Show/hide main menu


4AAVC103 History of Networked Technologies

Module convenor: Dr Stuart Dunn
Teaching Pattern: Ten one-hour lectures and ten one-hour seminars
Module description:

In the second half of the module we move on to the changes in network technology wrought by the coming of the World Wide Web in the early 1990s. The Web to which computer users could contribute as well as consume led to the rise of social media, and all the changes in our societies and habits that it bought. The module will look at how mobile computing, GPS and wireless technologies have taken the Web from our desktops to our pockets, and reflect on how this has made the internet a network of people rather than a network of machines.

Throughout, the module will highlight the contributions of key individuals to the evolution of network technologies, including those of Ada Lovelace, John Von Neumann, Alan Turing and Tim Berners-Lee.

In conclusion the module will reflect on how the internet is governed and managed, focusing on battles over censorship and net neutrality, particularly conflicts between Anglo-American institutions (such as ICANN) and institutions with nation-state representation (such as the ITU). How has the history of the internet led to these battles? The course will conclude with a return to that key question of what the history of network technologies - and the most successful network technology of all, the internet - tells us about the relationship between analogue and digital thought and culture.

Module aims


Learning outcomes

At the end of this module, students will be able to:

  1. Understand what a network is, and conceptualize the many forms one can take. They will be able to contextualize these with theories of the nature of networks. and the way in which networks function as a means of understanding the world.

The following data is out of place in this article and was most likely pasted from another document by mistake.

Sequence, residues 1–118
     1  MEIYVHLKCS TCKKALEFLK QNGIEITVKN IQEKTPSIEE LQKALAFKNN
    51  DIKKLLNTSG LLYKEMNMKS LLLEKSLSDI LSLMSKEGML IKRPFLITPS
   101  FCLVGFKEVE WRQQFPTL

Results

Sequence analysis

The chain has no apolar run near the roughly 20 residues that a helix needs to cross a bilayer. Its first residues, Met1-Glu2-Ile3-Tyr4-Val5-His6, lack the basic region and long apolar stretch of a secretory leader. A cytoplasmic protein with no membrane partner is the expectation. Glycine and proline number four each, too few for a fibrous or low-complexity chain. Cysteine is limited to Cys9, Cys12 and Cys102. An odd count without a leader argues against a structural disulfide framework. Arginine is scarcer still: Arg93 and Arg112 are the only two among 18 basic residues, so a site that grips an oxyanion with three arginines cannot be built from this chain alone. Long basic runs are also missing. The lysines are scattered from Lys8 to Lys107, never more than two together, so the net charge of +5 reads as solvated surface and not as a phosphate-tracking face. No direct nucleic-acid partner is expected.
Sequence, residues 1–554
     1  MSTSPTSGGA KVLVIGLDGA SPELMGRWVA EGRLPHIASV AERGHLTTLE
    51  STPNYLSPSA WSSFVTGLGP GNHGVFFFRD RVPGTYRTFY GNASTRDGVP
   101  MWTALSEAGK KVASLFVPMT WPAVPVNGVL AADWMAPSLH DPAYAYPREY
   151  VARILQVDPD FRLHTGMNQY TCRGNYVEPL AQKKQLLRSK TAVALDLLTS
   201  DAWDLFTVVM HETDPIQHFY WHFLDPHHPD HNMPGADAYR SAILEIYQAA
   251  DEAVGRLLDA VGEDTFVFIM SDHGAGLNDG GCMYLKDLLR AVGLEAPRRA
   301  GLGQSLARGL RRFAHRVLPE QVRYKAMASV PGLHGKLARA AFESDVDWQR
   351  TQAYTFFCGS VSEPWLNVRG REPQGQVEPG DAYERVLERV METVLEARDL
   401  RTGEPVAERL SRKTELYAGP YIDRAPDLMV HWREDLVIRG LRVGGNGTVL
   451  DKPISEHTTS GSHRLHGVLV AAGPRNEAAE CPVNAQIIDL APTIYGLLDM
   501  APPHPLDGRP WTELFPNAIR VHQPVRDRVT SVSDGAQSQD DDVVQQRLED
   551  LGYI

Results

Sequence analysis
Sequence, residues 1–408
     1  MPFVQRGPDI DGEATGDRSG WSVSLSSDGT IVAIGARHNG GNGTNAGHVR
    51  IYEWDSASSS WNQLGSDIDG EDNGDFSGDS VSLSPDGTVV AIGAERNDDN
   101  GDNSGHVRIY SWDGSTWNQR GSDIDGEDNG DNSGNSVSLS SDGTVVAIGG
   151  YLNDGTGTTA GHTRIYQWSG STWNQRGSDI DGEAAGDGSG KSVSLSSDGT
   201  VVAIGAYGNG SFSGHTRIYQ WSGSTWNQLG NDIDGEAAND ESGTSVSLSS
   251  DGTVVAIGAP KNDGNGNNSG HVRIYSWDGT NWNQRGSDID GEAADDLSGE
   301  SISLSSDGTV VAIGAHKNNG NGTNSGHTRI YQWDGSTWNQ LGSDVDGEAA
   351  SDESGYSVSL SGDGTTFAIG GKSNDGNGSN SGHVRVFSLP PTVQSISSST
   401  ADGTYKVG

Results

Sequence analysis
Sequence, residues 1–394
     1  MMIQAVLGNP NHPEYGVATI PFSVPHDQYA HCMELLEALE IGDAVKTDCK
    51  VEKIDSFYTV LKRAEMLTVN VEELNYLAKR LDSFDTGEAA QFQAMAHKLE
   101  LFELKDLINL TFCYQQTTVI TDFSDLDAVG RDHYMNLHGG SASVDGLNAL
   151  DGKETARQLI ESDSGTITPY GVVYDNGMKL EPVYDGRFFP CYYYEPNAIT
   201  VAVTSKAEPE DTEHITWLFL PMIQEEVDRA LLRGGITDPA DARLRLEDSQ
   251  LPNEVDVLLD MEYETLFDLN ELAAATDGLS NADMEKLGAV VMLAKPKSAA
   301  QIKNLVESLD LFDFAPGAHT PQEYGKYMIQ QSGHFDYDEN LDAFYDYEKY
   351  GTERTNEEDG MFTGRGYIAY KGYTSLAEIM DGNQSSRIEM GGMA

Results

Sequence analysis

2. Appreciate how the internet, and later the World Wide Web, form part of the broader evolution of methods of communicating and consuming information. Building on the understanding of networks and network theory, including their long history, coverd in point 1 above, students will develop a critical understanding of what is distinctive about the Internet and WWW as network structures. This, in turn, is key to understanding how digital cutlture grows from these networks, and what makes it distinct from other forms of culture.
  3. Reflect on different accounts of internet governance and types of network control, with an understanding of the distinction between standards and regulation.
Core reading



2 x 2000 word essays (50% each)


The modules run in each academic year are subject to change in line with staff availability and student demand so there is no guarantee every module will run. Module descriptions and information may vary depending between years.

Sitemap Site help Terms and conditions  Privacy policy  Accessibility  Modern slavery statement  Contact us

© 2019 King's College London | Strand | London WC2R 2LS | England | United Kingdom | Tel +44 (0)20 7836 5454